No longer. Hilary Mantel's Wolf Hall, already one of the prize's highest-grossing victors, has since its paperback release in March added another quarter-million to its UK sales.
But then he closes his piece by commending Iain Pears' Stone's Fall .....
In New York magazine Joe Keohane finds that: 'Against all odds, a small army of neighborhood bookshops has arrived' in New York, presenting an overview in Indie Bookstores Rising.
Among the pages of interest: Book-o-nomics, where the ledgers of Greenlight Bookstore are revealed (and they're making money !), a Cover to Cover guide of: 'The new (and renewed) guard of independent bookstores' -- and Jillian Goodman's look at: 'What used bookstores (and eBay customers) will fork over for three previously loved titles', in Seller's Market.
The Hindu Literary Review has instituted The Hindu Best Fiction Award 2010
The only problem ?
Only works in English will be accepted. Translations will not be considered.
Even the DSC Prize for South Asian Literature accepts "work in English, or translated into English", as does the Man 'Asian' Literary Prize; even the Vodafone Crossword Book Award has a translation category.
The Hindu Best Fiction Award, meanwhile, says: no thanks.
What gives ?
And what are they thinking ?
In The Reporter (Ethiopia) Yelibenwork Ayele reports that the Ethiopian Writers Association celebrated its 50th anniversary and that as part of that they hosted a Book fair to encourage reading.
One sales-success example on offer:
One of the best-selling novels in Ethiopia, Oromay by Bealu Girma, sold about 40,000 copies which, by local standards, is a huge success.
But they may not have all the right ideas in trying to achieve similar successes:
The reason most people are not motivated to read when new books are published is that the books are not properly introduced to the public before they hit the market, Gebrekristos Haile-selassie, manager of the Ethiopian Writers Association, says.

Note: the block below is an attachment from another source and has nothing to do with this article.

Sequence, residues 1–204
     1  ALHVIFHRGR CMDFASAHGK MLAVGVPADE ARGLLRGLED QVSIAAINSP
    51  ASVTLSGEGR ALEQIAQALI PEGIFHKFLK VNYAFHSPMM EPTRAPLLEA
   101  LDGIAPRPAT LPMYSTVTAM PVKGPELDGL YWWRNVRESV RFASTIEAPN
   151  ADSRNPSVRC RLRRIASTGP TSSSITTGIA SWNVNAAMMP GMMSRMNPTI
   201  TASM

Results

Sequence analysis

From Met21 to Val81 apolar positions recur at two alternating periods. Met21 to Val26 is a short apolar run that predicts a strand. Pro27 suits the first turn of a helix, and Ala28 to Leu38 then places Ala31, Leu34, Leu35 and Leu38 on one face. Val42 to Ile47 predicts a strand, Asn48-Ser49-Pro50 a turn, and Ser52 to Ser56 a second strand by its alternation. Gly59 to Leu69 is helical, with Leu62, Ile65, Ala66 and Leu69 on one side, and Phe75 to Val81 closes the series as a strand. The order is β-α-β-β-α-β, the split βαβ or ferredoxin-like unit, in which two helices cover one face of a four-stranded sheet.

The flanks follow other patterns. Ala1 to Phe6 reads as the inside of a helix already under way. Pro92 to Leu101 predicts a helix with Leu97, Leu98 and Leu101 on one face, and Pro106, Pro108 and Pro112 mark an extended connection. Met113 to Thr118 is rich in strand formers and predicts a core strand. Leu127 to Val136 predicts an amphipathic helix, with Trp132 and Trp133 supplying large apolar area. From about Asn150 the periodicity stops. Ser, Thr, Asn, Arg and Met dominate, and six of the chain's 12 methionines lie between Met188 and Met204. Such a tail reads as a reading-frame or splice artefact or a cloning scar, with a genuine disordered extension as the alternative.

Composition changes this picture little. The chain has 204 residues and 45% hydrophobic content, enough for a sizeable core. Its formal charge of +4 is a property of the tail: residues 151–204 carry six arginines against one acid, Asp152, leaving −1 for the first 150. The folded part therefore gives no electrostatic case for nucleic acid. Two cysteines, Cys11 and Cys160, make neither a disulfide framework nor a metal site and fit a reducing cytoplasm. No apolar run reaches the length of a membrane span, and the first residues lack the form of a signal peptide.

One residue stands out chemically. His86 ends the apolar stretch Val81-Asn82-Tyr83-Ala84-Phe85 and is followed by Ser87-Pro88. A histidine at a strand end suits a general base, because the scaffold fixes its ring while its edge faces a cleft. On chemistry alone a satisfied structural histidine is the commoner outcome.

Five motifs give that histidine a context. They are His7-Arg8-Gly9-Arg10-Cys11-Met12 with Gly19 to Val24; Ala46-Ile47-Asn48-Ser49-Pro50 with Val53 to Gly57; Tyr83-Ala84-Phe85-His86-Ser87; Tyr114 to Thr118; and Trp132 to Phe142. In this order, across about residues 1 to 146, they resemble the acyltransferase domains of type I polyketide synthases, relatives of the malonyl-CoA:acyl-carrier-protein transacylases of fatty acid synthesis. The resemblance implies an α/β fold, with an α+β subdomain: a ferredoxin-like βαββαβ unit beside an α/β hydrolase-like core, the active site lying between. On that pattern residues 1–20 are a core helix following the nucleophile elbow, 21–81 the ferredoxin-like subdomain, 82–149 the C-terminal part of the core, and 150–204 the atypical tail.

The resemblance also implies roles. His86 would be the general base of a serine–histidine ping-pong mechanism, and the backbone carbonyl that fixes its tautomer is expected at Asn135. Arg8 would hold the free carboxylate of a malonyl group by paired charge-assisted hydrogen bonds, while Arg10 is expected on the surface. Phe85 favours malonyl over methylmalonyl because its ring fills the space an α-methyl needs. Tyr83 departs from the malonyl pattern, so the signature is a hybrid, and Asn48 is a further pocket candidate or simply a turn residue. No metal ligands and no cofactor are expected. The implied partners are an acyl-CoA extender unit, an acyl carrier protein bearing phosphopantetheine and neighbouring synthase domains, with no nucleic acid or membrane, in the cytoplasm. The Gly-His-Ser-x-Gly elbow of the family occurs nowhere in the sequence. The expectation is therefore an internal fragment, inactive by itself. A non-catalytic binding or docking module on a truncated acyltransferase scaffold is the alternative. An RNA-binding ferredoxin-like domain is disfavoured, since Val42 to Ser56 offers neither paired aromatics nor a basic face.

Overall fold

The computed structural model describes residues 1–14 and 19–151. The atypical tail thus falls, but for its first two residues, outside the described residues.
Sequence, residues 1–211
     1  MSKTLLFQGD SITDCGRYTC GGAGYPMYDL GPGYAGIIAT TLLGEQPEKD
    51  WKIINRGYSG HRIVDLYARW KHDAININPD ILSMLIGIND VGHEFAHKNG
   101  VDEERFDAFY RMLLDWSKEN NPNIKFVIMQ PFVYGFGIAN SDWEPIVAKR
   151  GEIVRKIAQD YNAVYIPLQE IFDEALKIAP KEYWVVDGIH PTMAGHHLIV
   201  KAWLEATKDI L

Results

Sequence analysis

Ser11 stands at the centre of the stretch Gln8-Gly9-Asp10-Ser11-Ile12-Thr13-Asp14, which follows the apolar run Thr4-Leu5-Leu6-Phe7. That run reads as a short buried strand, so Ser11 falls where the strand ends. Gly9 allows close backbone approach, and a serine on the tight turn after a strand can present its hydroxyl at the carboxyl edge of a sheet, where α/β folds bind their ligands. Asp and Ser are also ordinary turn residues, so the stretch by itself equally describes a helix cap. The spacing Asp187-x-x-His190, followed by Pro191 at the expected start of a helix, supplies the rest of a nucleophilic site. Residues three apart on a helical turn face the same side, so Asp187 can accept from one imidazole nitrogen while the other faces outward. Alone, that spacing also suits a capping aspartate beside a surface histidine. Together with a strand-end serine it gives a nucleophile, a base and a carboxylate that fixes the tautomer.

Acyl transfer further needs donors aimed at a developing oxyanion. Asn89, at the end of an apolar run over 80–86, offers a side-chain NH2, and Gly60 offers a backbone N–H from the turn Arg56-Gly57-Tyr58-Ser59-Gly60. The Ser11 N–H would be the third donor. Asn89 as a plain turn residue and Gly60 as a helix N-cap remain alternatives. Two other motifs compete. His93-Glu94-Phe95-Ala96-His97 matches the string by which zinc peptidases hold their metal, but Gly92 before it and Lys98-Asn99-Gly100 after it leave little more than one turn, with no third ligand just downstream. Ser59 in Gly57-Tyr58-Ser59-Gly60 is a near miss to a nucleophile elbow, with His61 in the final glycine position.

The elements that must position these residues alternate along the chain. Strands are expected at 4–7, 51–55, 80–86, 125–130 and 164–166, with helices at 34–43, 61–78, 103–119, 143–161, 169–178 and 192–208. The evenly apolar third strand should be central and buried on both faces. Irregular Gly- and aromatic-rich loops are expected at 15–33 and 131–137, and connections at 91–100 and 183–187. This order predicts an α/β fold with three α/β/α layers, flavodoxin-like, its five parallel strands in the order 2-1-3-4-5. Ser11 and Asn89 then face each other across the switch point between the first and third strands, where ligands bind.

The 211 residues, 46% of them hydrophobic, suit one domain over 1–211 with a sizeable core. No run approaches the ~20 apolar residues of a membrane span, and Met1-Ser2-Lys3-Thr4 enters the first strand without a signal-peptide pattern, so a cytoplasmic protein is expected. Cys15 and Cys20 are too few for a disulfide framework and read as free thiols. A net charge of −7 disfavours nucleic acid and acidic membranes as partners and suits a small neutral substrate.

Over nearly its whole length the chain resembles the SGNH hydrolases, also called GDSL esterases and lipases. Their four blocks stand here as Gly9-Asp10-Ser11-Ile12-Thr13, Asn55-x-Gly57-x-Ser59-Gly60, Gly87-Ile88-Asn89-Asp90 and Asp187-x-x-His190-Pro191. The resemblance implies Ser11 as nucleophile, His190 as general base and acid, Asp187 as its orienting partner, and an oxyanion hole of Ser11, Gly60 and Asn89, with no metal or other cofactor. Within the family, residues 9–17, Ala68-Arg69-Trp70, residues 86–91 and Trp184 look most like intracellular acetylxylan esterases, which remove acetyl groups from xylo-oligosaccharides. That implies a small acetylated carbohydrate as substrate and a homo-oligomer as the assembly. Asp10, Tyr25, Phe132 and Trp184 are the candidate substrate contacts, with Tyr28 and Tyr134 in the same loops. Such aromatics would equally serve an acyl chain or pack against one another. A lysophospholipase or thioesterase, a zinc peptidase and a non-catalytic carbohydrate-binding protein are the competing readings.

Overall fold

In the developed countries, Gebrekristos says, a large-scale work of promotion precedes the publication of a book.
Therefore, before a book is in the stores, the readership has the necessary information about its title, author and contents.
And finally the book is inaugurated.
I hope they're not pinning all their hopes on this theory.
He had a theory to explain this.
"It's as if they were paranoid about being nominated for the Bad Sex Award," he said, referring to the Literary Review's annual giggle at the most purple description of carnality in the year's fiction.
Motion, caricatured during his time in the laureateship as "Pelvic Motion" by the Daily Mail, noted with dismay that "there were a lot of people writing about taking drugs, as if that was a substitute for sex".
Do writers really run scared so easily ?
On the other hand, I can see them turning to drugs .....
A reminder that tomorrow (Monday, 2 August, at 7 PM) I'll be at The Bookstore in Lenox, Massachusetts, having my say on the state of international literature (and especially translation) -- and coverage thereof -- in the US.
Yes, inevitable The New York Times Book Review-bashing included (they bring it on themselves -- check out all that coverage of translated fiction (or anything else ...) in today's issue.)